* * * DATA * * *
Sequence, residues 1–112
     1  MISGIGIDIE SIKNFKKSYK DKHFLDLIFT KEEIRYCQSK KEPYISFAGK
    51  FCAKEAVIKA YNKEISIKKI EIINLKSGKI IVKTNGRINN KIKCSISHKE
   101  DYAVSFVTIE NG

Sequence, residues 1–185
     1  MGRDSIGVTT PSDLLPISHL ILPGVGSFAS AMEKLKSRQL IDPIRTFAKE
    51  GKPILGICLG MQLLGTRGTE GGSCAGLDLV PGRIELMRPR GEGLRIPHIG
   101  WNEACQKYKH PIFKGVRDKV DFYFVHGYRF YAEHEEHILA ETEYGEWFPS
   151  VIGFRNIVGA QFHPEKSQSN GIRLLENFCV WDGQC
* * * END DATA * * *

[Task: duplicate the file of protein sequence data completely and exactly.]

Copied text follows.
Sequence, residues 1–112
     1  MISGIGIDIE SIKNFKKSYK DKHFLDLIFT KEEIRYCQSK KEPYISFAGK
    51  FCAKEAVIKA YNKEISIKKI EIINLKSGKI IVKTNGRINN KIKCSISHKE
   101  DYAVSFVTIE NG

Sequence, residues 1–185
     1  MGRDSIGVTT PSDLLPISHL ILPGVGSFAS AMEKLKSRQL IDPIRTFAKE
    51  GKPILGICLG MQLLGTRGTE GGSCAGLDLV PGRIELMRPR GEGLRIPHIG
   101  WNEACQKYKH PIFKGVRDKV DFYFVHGYRF YAEHEEHILA ETEYGEWFPS
   151  VIGFRNIVGA QFHPEKSQSN GIRLLENFCV WDGQC